The often provocative Douglas McClennan draws some interesting inferences for the arts from the current troubles of large scale cultural institutions in general:
There's lots of debating to be done about whether we need large institutions to report news. But a similar question can also be asked about the arts. The 1990s was a decade of arts institutionalization in America. Smaller theatres became larger theatres. Mid-size museums became bigger museums. And symphony orchestras expanded.So in theatre, the question is: do we hitch the artform itself to the fortunes of a small group of nonprofit institutions?
The internet has decentralized the arts. People make art online, compose and record music and make movies in home studios, Massive online multiplayer games have changed the ways we think about narrative. Personal digital players have changed the ways audiences consume art.
Concurrently, the institutional arts are finding their business models eroding as corporate funding dissolves, foundation support erodes and endowments shrink. Perhaps things will bounce back when the economy improves. But maybe not. We increasingly distrust the institutional voice in favor of individual or community collaboration...
Now more than ever, we need to make it easier for a lone director, or playwright, or actor to simply book a hall and put up his or her own work. (And, ideally, use the resources to get people to come see such work.) I'm not for storming the institutional theaters Bastille-style. But we need more alternative venues.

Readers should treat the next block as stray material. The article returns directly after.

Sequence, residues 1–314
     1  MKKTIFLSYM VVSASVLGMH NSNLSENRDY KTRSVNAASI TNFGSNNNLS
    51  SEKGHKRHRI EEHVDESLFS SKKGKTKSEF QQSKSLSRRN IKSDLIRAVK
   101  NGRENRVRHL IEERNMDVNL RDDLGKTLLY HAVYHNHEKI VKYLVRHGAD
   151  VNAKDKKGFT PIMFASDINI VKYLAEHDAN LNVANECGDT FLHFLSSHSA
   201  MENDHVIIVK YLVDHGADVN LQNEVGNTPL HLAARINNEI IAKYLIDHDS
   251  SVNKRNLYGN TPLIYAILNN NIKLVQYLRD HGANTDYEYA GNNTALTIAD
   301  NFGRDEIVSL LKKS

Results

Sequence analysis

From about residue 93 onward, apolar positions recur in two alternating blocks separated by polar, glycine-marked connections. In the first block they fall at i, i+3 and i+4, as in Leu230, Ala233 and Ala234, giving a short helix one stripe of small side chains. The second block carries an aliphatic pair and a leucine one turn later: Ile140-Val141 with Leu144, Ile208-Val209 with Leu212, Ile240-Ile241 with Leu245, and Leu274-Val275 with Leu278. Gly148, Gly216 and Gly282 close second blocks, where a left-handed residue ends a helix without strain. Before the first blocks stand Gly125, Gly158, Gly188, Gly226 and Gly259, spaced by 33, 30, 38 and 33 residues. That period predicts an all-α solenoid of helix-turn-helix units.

Why must every play be part of a "season"? Why must every audience be dominated by "subscribers"? I'm convinced that what's left of the core theatre audience today--especially those under 40--just don't care about all that anymore. When they hear something's good, they just want to be able to go buy a ticket and see it--wherever, whenever.
What this means in practical terms is the necessity for more easily rentable spaces, that are unaffiliated with theatre companies. New York's Theatre Row and 59E59 are good starts, but still too expensive for many. Still, that's a model that has been working, in that they get audiences.
It also may mean breaking away from the nonprofit model as the only way to produce "serious" theatre. It's that very funding apparatus that forces many artists to form unnecessary companies when all they really want is to put up some occasional work.
Any other suggestions?